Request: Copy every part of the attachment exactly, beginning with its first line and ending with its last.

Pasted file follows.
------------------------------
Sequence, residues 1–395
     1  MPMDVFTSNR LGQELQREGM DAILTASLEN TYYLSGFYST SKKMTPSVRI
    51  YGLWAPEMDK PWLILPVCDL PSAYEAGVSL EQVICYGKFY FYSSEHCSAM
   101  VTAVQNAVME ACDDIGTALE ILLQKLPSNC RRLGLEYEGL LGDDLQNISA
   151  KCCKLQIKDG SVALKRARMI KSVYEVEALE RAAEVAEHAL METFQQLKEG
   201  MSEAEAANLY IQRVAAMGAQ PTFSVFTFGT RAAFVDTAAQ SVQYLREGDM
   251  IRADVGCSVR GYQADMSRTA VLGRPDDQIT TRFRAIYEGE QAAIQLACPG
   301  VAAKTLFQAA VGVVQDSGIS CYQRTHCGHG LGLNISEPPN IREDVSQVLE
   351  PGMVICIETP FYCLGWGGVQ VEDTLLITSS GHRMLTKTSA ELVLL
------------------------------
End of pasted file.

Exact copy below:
Sequence, residues 1–395
     1  MPMDVFTSNR LGQELQREGM DAILTASLEN TYYLSGFYST SKKMTPSVRI
    51  YGLWAPEMDK PWLILPVCDL PSAYEAGVSL EQVICYGKFY FYSSEHCSAM
   101  VTAVQNAVME ACDDIGTALE ILLQKLPSNC RRLGLEYEGL LGDDLQNISA
   151  KCCKLQIKDG SVALKRARMI KSVYEVEALE RAAEVAEHAL METFQQLKEG
   201  MSEAEAANLY IQRVAAMGAQ PTFSVFTFGT RAAFVDTAAQ SVQYLREGDM
   251  IRADVGCSVR GYQADMSRTA VLGRPDDQIT TRFRAIYEGE QAAIQLACPG
   301  VAAKTLFQAA VGVVQDSGIS CYQRTHCGHG LGLNISEPPN IREDVSQVLE
   351  PGMVICIETP FYCLGWGGVQ VEDTLLITSS GHRMLTKTSA ELVLL